The mine would be inside the nation’s traditional territory including 300,000 hectares of wilderness and wildlife habitat which is constitutionally protected, just outside of its title lands which stretch 1,900 square kilometres. It falls within the bounds the nation has constitutionally protected rights to hunt, fish and trap.

Taseko has said the drilling expected Tuesday is an attempt to prove the lake will not be harmed by the mine. Star Vancouver contacted Taseko for comment but the request was not returned by publication time.

The federal government has rejected the mine’s proposal twice, though the province approved it. The most recent permit in question was approved by the BC Liberal government on their last day in office while the First Nation was under a 2017 wildfire evacuation order.

Taseko Mines donated $137,450 to the BC Liberals between 2008 and 2017, according to Elections BC. CEO Russell Hallbauer was listed as the principal officer for those donations. A person named Russell Hallbauer also donated more than $50,000 to the party from 2008 to 2017.

For decades, the Tsilhqot’in Nation have legally fought to ensure their Indigenous rights are respected, resulting in Canada’s first declaration of land title by the Supreme Court in 2014.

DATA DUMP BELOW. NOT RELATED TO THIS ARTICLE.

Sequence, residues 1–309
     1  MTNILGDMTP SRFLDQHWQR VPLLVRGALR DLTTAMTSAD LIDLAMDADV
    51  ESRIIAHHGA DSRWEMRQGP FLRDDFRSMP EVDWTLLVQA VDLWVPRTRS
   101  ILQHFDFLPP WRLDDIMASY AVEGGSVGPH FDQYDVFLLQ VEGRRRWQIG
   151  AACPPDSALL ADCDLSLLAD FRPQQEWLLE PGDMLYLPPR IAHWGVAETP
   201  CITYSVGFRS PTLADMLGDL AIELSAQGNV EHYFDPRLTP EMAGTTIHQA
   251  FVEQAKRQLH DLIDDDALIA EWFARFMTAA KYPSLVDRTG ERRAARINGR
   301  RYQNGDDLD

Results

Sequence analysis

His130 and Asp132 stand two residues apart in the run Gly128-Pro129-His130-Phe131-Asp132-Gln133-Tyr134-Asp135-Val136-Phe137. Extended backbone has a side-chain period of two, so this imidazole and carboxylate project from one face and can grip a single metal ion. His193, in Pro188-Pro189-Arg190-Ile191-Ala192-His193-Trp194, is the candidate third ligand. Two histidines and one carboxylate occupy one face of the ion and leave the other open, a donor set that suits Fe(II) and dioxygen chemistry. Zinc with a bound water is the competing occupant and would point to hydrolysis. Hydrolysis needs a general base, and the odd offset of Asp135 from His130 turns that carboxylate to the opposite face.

The constant barrage of legal challenges will not wear down Indigenous opposition to the project, according to the nation who have argued the company is trying to deplete their resources by battling in the courts.

They want the company to stop trying to advance the mine and acknowledge it won’t get built.

They’ve also asked the B.C. NDP government to uphold its commitment to the UN Declaration on the Rights of Indigenous People’s (UNDRIP) by preventing the violation of human rights it says would be caused by mining Fish Lake. A petition to Premier John Horgan calling on the government to stop the mine exploration has garnered almost 10,000 signatures.

The players

Taseko has been around since 1966 and is the owner and operator of the Gibraltar Mine, the second largest open pit copper mine in Canada. The company has three projects in “advanced” stages which give the company a diverse commodity pipeline, according to their website.